Having lost 3-0 the last time they played India in tests in that country, the Proteas on Wednesday begin their three-test series – which also forms part of the World Test Championship – against the hosts in Visakhapatnam.
It’s poised to be a tough series for the South Africans, who are rebuilding after losing Hashim Amla and Dale Steyn, and getting to know interim coach Enoch Nkwe. Eric Simons, who’s done the bulk of his recent coaching in the IPL, explains why a test series in India is so tough.
What makes playing tests in India so difficult?
It’s a number of things. First of all, you’re playing in front of a very passionate crowd and it can be quite intimidating. The heat will affect you – it’s a very different heat to South Africa’s. You lose a lot of fluids, so you have to stay hydrated, but it is draining, so that also plays a role. Second, the Indian team is also particularly good in its own conditions – they are masters of their own conditions. Then there are the conditions themselves, where the wickets are very different from what we’re used to.
It’s relentless, particularly when you’re batting. You always feel like you’re under pressure; you don’t always get into those positions where you feel like you can control the run flows as you might on day two or three at the Wanderers or in Durban.
With this test series forming part of the World Test Championship, can India afford to get away with the atrocious pitches they prepared last time the Proteas toured there?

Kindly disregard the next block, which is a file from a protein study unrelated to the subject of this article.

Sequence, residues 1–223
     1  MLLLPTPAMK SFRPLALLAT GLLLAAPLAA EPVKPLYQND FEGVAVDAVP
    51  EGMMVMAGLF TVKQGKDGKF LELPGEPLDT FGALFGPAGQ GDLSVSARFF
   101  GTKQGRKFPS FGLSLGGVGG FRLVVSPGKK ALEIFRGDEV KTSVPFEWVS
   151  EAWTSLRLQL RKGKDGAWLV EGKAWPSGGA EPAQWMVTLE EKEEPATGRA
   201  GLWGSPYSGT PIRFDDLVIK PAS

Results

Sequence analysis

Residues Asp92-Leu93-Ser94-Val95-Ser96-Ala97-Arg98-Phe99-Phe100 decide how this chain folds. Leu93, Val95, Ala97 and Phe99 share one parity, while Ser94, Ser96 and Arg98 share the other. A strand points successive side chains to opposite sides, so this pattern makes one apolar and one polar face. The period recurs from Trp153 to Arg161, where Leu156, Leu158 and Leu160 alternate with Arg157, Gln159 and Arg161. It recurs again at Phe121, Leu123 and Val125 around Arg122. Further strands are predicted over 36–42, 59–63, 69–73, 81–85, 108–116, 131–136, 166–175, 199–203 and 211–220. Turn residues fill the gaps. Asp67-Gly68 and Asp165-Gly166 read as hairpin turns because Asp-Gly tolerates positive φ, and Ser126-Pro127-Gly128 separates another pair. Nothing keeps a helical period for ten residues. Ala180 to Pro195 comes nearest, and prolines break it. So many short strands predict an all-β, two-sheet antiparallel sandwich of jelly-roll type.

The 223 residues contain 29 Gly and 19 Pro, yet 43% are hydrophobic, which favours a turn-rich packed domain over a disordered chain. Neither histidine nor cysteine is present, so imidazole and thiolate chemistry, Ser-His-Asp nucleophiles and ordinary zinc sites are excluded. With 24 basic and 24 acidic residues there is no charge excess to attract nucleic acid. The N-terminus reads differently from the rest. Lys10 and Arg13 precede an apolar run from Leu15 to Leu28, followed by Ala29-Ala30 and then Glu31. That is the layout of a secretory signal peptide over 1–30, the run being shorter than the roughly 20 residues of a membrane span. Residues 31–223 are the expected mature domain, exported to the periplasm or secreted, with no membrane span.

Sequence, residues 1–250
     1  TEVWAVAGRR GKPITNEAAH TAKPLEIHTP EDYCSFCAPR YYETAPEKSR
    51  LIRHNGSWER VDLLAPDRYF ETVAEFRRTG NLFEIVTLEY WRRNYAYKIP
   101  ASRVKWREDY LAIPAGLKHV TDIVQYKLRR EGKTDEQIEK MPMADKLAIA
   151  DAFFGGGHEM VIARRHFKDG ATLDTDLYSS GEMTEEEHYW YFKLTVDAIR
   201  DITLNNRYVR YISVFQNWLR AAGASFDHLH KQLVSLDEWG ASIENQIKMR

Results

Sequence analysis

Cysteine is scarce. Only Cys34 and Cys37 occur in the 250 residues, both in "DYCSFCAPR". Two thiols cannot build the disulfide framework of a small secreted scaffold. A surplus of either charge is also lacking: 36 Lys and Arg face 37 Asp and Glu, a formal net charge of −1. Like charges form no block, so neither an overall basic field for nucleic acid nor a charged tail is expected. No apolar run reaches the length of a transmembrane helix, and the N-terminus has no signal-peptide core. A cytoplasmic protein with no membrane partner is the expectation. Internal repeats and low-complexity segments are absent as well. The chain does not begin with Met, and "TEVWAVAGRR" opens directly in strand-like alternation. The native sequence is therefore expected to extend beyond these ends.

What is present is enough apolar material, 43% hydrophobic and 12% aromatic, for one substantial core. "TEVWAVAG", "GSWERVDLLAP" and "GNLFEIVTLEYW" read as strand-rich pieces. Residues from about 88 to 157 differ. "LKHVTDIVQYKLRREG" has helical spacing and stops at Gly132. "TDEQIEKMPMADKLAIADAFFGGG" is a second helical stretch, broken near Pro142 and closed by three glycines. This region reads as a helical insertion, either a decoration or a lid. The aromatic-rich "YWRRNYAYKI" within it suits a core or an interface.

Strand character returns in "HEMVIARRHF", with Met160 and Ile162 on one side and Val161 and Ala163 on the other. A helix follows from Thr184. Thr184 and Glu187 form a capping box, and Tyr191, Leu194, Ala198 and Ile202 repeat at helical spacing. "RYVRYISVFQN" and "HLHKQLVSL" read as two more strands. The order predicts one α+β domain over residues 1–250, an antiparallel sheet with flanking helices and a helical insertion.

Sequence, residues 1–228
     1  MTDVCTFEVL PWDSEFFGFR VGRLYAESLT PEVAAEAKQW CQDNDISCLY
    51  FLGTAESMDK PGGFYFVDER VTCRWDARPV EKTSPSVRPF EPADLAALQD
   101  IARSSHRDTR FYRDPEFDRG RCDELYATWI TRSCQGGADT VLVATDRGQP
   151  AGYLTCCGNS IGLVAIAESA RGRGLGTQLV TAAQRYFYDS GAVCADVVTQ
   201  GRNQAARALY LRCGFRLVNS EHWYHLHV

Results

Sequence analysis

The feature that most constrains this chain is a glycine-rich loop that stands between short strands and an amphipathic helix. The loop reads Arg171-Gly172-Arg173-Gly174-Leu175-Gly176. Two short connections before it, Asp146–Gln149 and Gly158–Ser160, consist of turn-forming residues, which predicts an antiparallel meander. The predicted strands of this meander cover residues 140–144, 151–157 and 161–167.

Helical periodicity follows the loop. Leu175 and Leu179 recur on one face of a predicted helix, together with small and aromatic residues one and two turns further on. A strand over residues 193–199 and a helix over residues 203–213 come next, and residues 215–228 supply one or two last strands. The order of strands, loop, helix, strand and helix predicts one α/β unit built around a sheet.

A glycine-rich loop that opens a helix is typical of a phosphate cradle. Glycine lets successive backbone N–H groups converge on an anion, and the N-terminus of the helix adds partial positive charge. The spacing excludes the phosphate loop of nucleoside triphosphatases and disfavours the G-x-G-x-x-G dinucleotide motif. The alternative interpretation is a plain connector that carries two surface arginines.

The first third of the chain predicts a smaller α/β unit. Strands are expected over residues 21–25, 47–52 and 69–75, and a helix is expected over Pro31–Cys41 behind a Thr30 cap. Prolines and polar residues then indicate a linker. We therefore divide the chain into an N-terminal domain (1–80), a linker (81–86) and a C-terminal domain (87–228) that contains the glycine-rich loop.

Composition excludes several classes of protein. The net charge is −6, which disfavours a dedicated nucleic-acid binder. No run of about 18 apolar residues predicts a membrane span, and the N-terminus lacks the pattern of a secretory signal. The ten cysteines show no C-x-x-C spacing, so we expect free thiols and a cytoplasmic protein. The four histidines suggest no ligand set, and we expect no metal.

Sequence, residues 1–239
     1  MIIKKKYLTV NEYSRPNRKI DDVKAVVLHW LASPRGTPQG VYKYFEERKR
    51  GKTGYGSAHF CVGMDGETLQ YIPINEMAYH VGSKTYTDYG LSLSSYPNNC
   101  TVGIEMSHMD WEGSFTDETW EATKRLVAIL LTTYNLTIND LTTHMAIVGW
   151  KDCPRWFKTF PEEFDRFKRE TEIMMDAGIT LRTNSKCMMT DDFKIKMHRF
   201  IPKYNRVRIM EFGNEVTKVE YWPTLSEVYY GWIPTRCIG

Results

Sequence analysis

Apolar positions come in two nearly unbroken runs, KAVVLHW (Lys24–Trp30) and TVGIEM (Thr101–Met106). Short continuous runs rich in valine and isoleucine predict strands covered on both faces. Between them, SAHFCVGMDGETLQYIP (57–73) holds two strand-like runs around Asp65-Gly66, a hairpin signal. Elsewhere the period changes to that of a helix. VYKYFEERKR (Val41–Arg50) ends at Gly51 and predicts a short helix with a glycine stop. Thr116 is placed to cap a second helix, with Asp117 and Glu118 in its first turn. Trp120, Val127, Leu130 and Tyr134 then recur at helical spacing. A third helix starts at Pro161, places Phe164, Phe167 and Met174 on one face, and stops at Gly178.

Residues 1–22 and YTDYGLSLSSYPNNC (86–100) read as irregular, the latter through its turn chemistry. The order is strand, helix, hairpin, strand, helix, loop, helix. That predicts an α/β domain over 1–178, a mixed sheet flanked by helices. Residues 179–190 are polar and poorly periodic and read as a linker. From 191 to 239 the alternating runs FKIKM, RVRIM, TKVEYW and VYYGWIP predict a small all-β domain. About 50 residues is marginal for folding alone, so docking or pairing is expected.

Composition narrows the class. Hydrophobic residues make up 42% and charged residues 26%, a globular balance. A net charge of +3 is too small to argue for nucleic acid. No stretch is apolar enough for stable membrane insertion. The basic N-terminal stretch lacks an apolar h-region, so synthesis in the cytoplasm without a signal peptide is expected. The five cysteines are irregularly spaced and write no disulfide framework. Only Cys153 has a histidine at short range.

I don’t think they will – for a few reasons. Number one, the venues are not traditional test venues, so they’ll want to make sure they have a good test match and not too many problems.
But the most important reason is that I don’t think India need to do it.
I’ve read that [Jasprit] Bumrah is injured and out of the series, but they’ve got a very good seam attack and they’re not just restricted to relying on their spinners like they were years ago.
I know he didn’t make runs the last time around, but what do you think the Amla effect will be on the batting line-up?
I think it’s across the board. We have a top order that, if you look at [captain] Faf du Plessis, Temba Bavuma and Aiden Markram, has been around for a while.
But their record in India won’t strike fear into the Indian team. While Amla didn’t score runs last time, he was the elder statesman or the big brother who gave some comfort to the other guys. And I think the guys will feel a little more isolated without him.
They are going to have to pull together as a unit more than ever before.
How much of an effect do you expect batting consultant Amol Muzumdar to have?
It’s an interesting one because my past 10 years in coaching have been in tournaments such as the IPL. One of the biggest jobs is not imparting your knowledge, it’s getting to understand the players – and that takes time.
It’s a relationship thing and, hopefully, he’s taken some time to understand South Africans because we do think and work differently.
Indians tend to be very technical about the way they go about things. I don’t think South Africans are necessarily technical.
One of the most important things in that situation is to get to know who you’re working with rather than imparting knowledge.
All things considered, that is, the Proteas are rebuilding and India are at home, what’s the best result we can expect?
I think that the conditions had a lot of influence in the result last time around. We’re not going to have the same conditions.
It would be an incredible result if we came away with a win, but if we came away with a series draw, I think it would be a credible result.
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